Many startups, including major companies such as Boeing, Airbus, and Hyundai, have long been dedicated to the development of flying cars with the aim of putting this revolutionary mode of transport into practice as soon as possible. The Japanese government is going even further by investing large sums of money into the development of flying cars and intends to commercialize them as soon as 2023.
The Japanese startup SkyDrive is bringing promising results in the field of flying car development. Recently, the company revealed the SD-XX, a sleek two-seater air taxi with dimensions similar to that of a car. This electric aircraft is able to take off and land vertically with the possibility of traveling several tens of kilometers with a speed of about 100 km/h (62 mph). It is the world’s smallest eVTOL, at 1.5 meters tall and measuring 4 meters by 3.5 meters across.
SkyDrive Inc.’s CEO Tomohiro Fukuzawa claims that by 2050, anyone will be able to fly to any destination within the capital’s 23 wards in 10 minutes.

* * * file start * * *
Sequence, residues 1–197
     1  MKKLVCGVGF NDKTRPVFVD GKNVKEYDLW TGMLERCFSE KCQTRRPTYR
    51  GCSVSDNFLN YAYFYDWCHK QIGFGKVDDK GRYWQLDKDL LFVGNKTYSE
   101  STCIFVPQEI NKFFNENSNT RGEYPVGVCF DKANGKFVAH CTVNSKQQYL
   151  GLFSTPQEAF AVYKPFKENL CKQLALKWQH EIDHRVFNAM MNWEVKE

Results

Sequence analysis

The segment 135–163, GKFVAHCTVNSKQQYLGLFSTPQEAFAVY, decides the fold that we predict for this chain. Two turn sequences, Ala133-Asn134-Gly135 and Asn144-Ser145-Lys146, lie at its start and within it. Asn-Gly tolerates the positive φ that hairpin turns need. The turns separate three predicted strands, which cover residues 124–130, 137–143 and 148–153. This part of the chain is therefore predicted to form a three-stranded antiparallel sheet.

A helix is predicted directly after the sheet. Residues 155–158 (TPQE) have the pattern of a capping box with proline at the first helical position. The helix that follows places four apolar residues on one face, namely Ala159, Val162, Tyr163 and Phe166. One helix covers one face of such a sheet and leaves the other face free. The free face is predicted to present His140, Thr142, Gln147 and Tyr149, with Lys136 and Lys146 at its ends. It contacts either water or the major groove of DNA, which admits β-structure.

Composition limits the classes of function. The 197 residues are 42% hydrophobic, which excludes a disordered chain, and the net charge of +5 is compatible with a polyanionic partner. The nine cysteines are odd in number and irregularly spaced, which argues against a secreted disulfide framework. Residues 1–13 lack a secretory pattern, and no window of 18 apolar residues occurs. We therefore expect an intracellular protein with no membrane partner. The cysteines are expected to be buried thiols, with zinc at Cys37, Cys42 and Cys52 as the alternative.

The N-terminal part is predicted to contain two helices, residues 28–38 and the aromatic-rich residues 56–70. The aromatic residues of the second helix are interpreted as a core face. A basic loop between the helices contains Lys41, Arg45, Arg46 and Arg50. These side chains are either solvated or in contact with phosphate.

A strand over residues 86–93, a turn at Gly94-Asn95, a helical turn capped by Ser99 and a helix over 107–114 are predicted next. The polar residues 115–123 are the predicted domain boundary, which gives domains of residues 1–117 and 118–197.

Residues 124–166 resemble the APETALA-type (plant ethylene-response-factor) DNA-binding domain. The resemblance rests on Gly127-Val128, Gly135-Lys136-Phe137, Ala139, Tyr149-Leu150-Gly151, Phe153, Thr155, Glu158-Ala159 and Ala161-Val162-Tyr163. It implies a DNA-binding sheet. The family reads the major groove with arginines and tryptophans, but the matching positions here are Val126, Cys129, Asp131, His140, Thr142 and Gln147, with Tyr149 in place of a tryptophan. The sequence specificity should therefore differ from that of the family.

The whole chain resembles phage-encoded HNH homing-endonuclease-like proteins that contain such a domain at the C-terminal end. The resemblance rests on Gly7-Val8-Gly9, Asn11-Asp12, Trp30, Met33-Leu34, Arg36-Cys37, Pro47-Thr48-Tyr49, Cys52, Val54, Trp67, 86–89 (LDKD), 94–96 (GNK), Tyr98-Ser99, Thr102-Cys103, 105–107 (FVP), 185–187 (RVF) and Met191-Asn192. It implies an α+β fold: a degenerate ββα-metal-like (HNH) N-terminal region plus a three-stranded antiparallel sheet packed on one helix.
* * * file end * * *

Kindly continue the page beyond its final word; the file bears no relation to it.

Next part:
SkyDrive hopes to complete its first flight tests this summer. “We’re considering launching an air taxi service in big cities, either Osaka or Tokyo, with initial flights over the sea as it would be too risky to fly over many people all of a sudden,” Tomohiro Fukuzawa, who previously worked at Toyota, told the Japan Times.
He also added that the “pace of development has been accelerating rapidly with the rise in the number of personnel in the venture.”
SkyDrive is planning to start round-trip flights around many resorts, including Universal Studios Japan. According to Fukuzawa, the initial models of SD-XX will fly basically on autopilot, but it’s not 100% autonomous because a human pilot would need to intervene in case of any emergency. The startup aims to market the first 100 flying cars from 2028. As for the cost, each vehicle will cost the same as a current “expensive” car.